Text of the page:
Coffee House Etiquette
No elbows on the table. Chew with your mouth closed. Place a napkin on your lap after being seated.
Basic table dining etiquette is ingrained into us from a young age, unfortunately mom and dad didn’t teach us about coffee house etiquette. Is it the same as dining etiquette?
Is it rude to ask what a drink is if I don’t understand? How much do I tip? Do I just leave my ceramic mug on the table after I am finished?
Well, I went straight to the experts in the coffee industry to gain some insight about coffee house etiquette. Each person I interviewed has been in the coffee industry for many years and offered me helpful insight and tips to master coffee house etiquette.
Before we get into the DO & DON’TS of coffee house etiquette please meet the coffee professionals.
Meet Caty Rentmeester: Also known as "Caty Rent." Caty lives in Minneapolis, Minnesota and currently is the Manager/Roaster/Coffee Enthusiast for the Dunn Bros Coffee Laboratory in Saint Paul. Caty started her career with Dunn Bros as barista in 2007. She later started roasting and became manager in 2010. Caty is intrigued by anything coffee related and is constantly learning more about it by reading coffee books, magazines and blogs. Roasting is one of her favorite parts of her job.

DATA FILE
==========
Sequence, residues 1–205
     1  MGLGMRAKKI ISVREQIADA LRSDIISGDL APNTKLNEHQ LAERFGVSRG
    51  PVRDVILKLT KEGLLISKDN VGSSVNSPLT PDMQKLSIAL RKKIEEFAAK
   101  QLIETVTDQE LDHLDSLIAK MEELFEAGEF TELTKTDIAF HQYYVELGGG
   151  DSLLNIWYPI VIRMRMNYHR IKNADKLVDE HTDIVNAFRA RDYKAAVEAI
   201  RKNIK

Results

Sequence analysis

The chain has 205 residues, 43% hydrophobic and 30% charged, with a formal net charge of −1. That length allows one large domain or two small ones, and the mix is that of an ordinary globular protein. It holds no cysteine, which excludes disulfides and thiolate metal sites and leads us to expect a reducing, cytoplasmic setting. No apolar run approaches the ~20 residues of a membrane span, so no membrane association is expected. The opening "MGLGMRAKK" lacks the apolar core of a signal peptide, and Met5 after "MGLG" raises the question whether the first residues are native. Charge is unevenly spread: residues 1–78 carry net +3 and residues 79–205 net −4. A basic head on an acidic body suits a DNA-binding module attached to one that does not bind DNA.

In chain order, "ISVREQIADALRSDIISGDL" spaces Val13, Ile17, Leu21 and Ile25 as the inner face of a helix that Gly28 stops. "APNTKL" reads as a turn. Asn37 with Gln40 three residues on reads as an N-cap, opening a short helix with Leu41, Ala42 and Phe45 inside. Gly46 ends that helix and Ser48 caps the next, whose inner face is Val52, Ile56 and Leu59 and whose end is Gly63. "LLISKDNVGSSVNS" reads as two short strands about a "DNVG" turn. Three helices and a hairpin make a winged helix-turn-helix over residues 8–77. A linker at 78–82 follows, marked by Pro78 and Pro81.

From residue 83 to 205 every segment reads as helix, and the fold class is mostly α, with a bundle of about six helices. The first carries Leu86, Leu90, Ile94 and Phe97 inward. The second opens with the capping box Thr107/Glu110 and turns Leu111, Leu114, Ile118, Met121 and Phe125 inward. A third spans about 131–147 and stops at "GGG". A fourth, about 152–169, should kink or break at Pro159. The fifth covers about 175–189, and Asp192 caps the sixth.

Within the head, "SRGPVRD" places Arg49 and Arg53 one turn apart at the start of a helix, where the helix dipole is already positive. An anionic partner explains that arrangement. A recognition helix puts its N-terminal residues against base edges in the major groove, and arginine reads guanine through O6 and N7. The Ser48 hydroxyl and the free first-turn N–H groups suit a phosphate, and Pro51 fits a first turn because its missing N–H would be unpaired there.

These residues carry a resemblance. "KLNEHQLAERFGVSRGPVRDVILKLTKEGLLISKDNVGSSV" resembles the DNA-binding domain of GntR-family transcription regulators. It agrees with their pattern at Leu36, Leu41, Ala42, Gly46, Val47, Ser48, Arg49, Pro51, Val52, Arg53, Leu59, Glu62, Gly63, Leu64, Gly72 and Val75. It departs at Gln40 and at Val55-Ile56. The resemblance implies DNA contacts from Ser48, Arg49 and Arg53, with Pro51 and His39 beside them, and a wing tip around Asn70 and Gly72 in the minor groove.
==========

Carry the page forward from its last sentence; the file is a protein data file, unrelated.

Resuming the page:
Besides coffee, Caty likes Batman. (Some people might say she has a slight obsession. Her cat is named Bruce Wayne.)
In her spare time Caty enjoys long walks, bubble baths, reading, and watching cartoons.
Her job before coming to Dunn Bros was a snake wrangler at Twin Cities Reptiles.
Meet Jason Dominy: Jason has been in coffee for 16 years. He’s had positions opening and managing coffee shops, roasting, training, and now works for Batdorf & Bronson Coffee in Atlanta, as Wholesale Support and Outreach Coordinator. He’s been active in the SCAA for the past 5 years, on the Training Committee/Professional Development Committee, volunteering with the SCAA in trainings and labs, and most recently, previous Chair of the Barista Guild’s Executive Council. He spends his time with Batdorf & Bronson getting the message of exceptional coffee out to consumers all over Atlanta and the country.
Meet Sarah Dooley: Sarah has worked in various retail careers finding herself settling in coffee. Occupying in many different positions over the years, barista, manager, trainer, educator, community coordinator and sales, she currently is working for an espresso machine distributor, La Marzocco USA, as a coffee community educator and sales. Sarah volunteers with the Barista Guild of America as an Executive Council member.
*Picture taken by Kirk Mastin, Barista Magazine APR/MAY 2012 Issue
COFFEE HOUSE ETIQUETTE
What if you don't understand what a particular menu item is?
Caty: “Please ask questions. I definitely try to encourage them. We want you to know what you are ordering and for you to be happy with it. “